Obama Stones Romney

As you may have heard by now, Rolling Stone has just published an interview (with essay) of the president by historian Douglas Brinkley, and like most Rolling Stone interviews with presidents, it will get a lot of attention. Conservatives are already beginning to hyperventilate over this passage:

“You know, kids have good instincts,” Obama offered. “They look at the other guy and say, ‘Well, that’s a bullshitter, I can tell.'”

My gut feeling is that this remark, like Jimmy Carter’s “I’ll whip his ass” remark about Ted Kennedy in 1980, will be deemed an acceptably mild obscenity uttered in the heat of battle. But given Mitt Romney’s own thin skin, it could have unfathomable repercussions in RomneyLand.

Much of what Obama said in the interview was campaign boilerplate, though he certainly did slap down the idea that Mitt Romney is best understood as a weathervane rather than as the champion of an extremist ideology:

[W]hat I’m absolutely sure about is that we’ve got the better argument. And Governor Romney understands that. It’s the reason why, after a year and a half of campaigning on plans that very clearly were going to involve $5 trillion worth of tax cuts, he’s trying to fog up the issues, because he knows that the American people aren’t buying what he’s selling….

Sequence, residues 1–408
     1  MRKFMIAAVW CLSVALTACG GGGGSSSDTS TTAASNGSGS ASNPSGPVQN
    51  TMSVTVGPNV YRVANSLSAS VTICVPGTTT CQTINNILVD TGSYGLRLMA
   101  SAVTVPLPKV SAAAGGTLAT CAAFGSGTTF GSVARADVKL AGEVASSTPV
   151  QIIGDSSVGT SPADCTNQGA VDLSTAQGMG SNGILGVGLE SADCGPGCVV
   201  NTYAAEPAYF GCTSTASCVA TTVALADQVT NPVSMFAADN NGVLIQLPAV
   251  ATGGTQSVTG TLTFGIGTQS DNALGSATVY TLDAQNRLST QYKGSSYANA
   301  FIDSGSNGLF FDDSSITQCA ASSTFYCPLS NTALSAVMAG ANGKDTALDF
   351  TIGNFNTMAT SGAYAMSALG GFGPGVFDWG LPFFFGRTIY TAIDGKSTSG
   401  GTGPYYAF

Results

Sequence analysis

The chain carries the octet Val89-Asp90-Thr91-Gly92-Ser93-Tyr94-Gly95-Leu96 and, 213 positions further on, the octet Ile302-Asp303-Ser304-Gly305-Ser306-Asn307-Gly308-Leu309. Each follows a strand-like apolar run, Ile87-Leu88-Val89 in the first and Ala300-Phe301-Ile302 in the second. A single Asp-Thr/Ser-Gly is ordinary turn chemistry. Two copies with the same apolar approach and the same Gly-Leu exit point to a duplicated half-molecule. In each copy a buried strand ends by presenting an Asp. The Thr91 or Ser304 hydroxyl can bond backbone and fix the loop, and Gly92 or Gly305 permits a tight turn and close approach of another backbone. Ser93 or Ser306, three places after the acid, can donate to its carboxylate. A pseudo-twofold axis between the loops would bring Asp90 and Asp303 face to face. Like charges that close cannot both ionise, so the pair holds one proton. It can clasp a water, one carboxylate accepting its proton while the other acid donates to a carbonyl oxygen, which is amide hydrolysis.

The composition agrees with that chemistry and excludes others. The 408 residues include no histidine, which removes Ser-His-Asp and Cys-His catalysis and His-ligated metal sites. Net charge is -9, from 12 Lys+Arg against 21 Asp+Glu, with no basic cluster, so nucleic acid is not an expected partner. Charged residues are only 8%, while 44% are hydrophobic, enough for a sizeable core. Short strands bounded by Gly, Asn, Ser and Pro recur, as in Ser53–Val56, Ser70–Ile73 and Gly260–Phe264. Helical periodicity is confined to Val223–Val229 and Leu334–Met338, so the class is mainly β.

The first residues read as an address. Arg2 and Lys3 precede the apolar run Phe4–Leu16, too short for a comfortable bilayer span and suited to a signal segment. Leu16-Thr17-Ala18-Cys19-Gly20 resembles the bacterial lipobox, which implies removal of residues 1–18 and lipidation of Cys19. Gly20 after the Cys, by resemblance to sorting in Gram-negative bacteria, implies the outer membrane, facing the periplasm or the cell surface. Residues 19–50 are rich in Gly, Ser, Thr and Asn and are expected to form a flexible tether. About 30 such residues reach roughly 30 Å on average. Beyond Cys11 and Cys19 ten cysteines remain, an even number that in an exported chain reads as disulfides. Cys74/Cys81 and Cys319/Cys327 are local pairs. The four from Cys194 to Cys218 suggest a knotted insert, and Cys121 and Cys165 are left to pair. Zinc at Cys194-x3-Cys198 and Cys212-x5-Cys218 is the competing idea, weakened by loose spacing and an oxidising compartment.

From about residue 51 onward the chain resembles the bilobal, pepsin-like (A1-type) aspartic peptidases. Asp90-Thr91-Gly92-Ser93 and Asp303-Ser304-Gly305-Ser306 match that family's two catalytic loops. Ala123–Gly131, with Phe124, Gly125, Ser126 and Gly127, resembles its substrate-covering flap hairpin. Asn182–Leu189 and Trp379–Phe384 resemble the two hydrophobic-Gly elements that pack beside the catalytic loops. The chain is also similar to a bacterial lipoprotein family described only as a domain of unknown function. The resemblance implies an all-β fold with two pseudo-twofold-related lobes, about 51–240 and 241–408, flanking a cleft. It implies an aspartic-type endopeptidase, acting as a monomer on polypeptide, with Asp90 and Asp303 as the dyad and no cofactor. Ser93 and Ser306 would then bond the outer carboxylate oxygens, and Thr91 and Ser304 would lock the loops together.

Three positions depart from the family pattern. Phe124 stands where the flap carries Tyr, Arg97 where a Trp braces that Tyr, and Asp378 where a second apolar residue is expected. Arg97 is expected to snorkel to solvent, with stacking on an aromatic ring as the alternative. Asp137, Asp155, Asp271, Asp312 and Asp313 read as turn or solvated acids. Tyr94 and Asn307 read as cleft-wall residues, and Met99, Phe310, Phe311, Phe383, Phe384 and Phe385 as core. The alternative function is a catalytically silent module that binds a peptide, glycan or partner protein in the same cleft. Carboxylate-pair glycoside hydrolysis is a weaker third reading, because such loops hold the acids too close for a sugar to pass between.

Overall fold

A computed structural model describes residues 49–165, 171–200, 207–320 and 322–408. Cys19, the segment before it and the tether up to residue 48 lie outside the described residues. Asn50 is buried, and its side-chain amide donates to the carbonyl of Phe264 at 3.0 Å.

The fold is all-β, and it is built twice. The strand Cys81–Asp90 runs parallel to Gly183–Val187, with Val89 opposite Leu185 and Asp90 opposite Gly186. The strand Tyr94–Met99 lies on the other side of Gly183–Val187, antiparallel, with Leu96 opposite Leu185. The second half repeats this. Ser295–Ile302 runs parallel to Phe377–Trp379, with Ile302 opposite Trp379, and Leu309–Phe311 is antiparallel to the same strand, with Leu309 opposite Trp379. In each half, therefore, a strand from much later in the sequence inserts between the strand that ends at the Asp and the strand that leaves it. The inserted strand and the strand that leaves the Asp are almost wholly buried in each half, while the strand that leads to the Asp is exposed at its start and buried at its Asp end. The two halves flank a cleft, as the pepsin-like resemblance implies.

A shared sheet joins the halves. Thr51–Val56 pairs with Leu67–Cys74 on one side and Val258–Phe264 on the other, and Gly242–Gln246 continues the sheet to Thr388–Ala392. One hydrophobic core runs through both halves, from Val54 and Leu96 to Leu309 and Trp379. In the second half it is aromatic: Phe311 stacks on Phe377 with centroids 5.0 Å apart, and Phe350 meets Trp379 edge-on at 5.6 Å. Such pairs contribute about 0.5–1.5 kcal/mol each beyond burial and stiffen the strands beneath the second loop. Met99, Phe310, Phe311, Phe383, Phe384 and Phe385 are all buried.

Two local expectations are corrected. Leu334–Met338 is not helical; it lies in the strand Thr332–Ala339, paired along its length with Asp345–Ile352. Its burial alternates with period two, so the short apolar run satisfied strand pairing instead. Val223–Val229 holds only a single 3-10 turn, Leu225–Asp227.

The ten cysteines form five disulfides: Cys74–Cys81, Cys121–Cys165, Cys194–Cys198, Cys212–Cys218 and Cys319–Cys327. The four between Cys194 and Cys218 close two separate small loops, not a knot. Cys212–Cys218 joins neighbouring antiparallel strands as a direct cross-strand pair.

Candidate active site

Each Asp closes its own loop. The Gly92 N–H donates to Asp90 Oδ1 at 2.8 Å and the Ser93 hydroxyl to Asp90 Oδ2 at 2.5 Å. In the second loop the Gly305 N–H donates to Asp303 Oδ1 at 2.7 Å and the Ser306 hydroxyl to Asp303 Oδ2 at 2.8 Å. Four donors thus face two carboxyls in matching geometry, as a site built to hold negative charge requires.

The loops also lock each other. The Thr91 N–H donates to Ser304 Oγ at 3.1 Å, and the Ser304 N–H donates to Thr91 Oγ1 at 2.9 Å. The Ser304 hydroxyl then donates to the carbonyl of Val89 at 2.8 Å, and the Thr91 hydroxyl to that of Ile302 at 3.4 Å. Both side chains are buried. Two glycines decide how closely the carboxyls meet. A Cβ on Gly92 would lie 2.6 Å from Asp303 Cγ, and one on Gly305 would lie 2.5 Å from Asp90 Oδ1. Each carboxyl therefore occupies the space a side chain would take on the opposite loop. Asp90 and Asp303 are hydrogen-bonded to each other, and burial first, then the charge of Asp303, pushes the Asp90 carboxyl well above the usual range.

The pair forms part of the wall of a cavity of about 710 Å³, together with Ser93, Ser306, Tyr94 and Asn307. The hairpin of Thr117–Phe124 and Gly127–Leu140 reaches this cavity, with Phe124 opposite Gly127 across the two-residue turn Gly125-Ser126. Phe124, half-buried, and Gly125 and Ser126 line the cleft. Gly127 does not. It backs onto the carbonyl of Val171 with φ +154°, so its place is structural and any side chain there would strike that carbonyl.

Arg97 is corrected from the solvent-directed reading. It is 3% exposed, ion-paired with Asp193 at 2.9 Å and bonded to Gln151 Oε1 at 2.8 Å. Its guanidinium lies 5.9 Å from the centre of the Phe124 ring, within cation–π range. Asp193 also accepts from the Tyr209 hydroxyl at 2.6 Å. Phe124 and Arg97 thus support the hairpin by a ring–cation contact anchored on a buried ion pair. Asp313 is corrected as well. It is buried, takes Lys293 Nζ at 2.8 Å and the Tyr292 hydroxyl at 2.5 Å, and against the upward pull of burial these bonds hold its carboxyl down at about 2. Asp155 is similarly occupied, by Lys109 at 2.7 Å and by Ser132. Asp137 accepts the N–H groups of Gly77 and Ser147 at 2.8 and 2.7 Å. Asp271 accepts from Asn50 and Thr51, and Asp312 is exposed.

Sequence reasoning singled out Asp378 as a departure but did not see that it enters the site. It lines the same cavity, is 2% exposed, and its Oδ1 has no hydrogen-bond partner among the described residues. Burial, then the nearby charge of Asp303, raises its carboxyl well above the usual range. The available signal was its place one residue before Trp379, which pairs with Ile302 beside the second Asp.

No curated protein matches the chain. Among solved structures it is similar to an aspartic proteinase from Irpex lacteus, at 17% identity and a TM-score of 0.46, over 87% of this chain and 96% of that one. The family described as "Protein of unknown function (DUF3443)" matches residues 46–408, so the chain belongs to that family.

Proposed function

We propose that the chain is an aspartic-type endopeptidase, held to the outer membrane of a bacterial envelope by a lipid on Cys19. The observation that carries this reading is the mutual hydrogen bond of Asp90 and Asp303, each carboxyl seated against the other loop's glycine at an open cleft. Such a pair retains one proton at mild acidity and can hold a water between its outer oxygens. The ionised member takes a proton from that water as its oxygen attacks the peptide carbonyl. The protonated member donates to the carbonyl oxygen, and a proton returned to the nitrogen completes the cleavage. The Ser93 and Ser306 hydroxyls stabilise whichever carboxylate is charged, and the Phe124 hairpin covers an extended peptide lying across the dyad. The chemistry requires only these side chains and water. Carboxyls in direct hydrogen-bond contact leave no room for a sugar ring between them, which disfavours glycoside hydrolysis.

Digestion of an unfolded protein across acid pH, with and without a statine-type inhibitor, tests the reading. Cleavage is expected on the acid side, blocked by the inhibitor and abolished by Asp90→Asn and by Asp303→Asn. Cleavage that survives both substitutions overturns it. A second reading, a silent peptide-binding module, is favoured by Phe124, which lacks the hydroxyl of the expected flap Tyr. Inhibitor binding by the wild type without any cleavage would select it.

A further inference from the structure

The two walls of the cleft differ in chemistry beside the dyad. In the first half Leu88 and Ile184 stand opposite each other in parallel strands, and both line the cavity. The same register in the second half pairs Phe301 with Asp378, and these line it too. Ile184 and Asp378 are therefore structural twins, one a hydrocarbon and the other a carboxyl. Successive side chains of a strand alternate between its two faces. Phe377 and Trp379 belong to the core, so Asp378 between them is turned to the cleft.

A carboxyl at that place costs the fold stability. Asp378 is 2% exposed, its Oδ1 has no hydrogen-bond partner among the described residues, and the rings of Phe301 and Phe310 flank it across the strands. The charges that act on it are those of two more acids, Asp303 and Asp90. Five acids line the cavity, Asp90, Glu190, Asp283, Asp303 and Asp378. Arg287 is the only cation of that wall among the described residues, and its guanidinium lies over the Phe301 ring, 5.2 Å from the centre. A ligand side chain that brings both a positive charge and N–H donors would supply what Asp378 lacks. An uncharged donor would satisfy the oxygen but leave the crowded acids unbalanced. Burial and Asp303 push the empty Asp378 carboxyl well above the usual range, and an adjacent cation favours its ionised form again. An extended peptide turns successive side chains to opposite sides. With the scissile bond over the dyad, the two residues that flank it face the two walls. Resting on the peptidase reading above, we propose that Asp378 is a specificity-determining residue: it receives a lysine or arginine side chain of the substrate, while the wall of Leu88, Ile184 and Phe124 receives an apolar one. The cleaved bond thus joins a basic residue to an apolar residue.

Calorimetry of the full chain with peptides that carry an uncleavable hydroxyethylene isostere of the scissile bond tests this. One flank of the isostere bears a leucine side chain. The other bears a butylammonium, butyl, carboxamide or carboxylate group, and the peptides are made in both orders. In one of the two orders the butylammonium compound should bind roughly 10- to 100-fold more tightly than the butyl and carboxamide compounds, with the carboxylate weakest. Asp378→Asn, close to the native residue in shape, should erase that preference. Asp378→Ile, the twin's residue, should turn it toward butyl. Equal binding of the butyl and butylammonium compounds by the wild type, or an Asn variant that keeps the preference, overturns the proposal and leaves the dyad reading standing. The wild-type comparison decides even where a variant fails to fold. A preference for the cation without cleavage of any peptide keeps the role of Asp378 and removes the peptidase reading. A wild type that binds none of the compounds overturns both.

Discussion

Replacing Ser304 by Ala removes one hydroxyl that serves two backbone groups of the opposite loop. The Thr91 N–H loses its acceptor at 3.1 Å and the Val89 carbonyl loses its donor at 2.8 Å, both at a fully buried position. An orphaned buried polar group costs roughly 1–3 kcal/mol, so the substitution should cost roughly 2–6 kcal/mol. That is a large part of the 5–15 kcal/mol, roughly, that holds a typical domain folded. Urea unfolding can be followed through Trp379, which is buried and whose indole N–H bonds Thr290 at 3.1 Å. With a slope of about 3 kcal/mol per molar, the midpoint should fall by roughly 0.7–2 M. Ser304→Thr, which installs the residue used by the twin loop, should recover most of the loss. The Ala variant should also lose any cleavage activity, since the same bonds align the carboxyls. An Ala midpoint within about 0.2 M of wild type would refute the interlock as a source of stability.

But understand, there’s no doubt that what he has campaigned on for the last year is what he believes, because we’ve seen it before.

Take that, Matt Bai!

Reading the whole piece very quickly (I may have more to say tomorrow), perhaps the most startling thing came not from Obama but from Brinkley, who came away from the interview (which presumably included some off-the-record exchanges) convinced that after dealing with unemployment and the basic direction of the economy, Obama would make action to deal with climate change his top second-term priority:

While Obama doesn’t wear an Inconvenient Truth T-shirt, he nevertheless understands that environmentalism makes for good business in the 21st century. The high seas and savage winds of fossil-fuel abuse are upon us. Obama has made clear that addressing climate change is the issue of most long-term consequence facing not only America but human civilization itself.

Maybe this is wishful thinking by Brinkley, but if (as I happen to think) there is substantial truth behind it, it’s all the more shocking that it’s a subject that’s off the table during the stretch drive of this campaign. But then again, as a child could tell you, there’s a lot of BS going on.

Ed Kilgore

Ed Kilgore is a contributing writer to the Washington Monthly. He is managing editor for The Democratic Strategist and a senior fellow at the Progressive Policy Institute. Find him on Twitter: @ed_kilgore.